Read More
    • Agree: Druid
    • Replies: @jtgw
    Perhaps a lot of people don't want socialized medicine since it results in long waiting times and shortages. Why otherwise do Canadians come to the US to get timely medical service and avoid the waits in their socialist paradise? The problem is that healthcare is a scarce good and merely labeling it a right doesn't alter that fact. There is not enough to go around for everybody, so you either let the price system determine how to allocate resources or you let the government ration it.
  10. There is something strange about this piece to a British ear.

    We do understand that Americans have a curious aversion for caring for their sick, but that is their choice.

    No, what is strange is the Amercian conception of rights.

    They say it is their right to carry guns, have free speech and be tremendously fat. They also say it is their right to murder anyone anywhere on the planet.

    How they justify this is not by some, strange appeal to reason.

    Amercians generally don’t think in that way.

    No, Americans appeal to the Constitution. What was written on that piece of paper is what they believe.

    Amusingly enough, the words were written in the age of enlightenment, when man stopped treating holy books as the word of God.

    Instead, Americans worship the word of the Constitution.

    Read More
    • Replies: @Boris N

    No, Americans appeal to the Constitution. What was written on that piece of paper is what they believe.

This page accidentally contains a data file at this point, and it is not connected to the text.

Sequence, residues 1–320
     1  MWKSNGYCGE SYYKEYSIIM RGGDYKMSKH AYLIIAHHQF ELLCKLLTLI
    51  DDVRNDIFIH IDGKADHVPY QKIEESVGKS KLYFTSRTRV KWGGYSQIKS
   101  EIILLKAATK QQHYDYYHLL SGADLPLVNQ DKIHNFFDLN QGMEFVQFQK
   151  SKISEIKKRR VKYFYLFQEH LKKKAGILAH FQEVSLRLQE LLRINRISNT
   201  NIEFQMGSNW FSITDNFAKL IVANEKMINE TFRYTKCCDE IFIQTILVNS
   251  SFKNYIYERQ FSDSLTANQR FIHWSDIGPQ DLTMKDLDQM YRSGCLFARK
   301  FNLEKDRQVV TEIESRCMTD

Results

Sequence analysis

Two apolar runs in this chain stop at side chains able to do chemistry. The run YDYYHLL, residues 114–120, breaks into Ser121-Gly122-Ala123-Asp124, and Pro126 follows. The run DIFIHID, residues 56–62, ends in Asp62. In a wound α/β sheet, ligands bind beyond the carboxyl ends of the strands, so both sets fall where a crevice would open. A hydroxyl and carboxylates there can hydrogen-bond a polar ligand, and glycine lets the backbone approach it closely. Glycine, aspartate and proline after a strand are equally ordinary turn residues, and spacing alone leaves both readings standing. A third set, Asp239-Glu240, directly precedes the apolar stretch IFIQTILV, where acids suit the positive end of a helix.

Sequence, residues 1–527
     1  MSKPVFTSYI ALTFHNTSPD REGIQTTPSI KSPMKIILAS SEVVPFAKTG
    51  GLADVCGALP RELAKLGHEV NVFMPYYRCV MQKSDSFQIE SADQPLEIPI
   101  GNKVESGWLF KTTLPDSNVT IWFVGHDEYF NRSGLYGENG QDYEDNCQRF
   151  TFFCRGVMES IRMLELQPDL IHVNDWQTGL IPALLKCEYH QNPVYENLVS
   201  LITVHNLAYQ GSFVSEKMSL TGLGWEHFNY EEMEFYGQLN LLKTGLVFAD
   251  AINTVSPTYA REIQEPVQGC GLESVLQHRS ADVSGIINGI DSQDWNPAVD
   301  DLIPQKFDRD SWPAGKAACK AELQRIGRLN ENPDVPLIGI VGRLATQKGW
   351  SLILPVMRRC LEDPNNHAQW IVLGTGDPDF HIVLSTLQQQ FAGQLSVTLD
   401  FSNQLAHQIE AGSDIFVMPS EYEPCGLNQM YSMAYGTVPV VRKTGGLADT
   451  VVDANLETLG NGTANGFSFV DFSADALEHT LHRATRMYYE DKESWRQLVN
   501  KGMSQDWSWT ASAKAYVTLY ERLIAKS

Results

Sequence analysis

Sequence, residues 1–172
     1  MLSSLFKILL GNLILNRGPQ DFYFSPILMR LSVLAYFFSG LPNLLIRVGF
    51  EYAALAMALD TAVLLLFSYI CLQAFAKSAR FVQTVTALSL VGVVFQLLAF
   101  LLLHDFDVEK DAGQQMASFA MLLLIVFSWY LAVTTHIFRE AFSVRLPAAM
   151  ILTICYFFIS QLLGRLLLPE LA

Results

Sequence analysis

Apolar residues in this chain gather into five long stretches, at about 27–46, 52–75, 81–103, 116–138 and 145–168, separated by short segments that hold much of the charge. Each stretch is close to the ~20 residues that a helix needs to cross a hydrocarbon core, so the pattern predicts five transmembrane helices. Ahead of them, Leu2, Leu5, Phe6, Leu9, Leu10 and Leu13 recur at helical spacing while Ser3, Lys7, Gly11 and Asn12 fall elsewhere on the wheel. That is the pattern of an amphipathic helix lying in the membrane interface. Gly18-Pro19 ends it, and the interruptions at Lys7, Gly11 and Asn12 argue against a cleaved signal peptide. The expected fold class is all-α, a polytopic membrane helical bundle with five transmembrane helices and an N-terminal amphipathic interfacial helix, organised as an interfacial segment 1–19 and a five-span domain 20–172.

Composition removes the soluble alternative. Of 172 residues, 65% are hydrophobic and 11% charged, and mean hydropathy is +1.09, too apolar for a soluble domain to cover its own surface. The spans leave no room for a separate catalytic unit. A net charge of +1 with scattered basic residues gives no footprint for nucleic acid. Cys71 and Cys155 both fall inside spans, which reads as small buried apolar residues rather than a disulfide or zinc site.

Amusingly enough, the words were written in the age of enlightenment, when man stopped treating holy books as the word of God.

    Instead, Americans worship the word of the Constitution.
     
    Notice that America has the highest percentage of religious fanatics and fundamentalists in the developed world who literally and sincerely believe an ancient fairy-tale book written 2000-3000 years ago (not to mention such fakes as the Book of Mormon). No wonder they are stubbornly fixated on a piece of paper written just 250 years ago. Americans are outstandingly and ridiculously obstinate.
    , @Discard
    In America, rights are limits on government power. No more, no less. Read the Bill of Rights.

    So how's you right to free speech doing these days?
  11. @Discard
    The "right" to medical care is a claim on somebody else's labor, not a right.

    I am no anthropolgist, but understand that even the most primitive societies would care for their sick.

    Americans, being the most advanced people on the planet, do things differently.It doesn’t seem to be working very well, but then neither does America.

    Read More
    • Replies: @Discard
    Throughout our history, sick and injured poor people got care in America, just as they got food and shelter. That was a choice made by their friends, family, and caregivers, not a mandate from the State. No, moneyless jackasses who had no friends did not get expensive treatments, but they got their broken legs set, their abscesses drained and their rotten teeth pulled. Once you declare medical care to be a right, the Salvadorean car thief in prison has just as much right to cancer treatment as a 30 year old American mother of four. And the tax-paying husband of the mother of four will have to pay for it.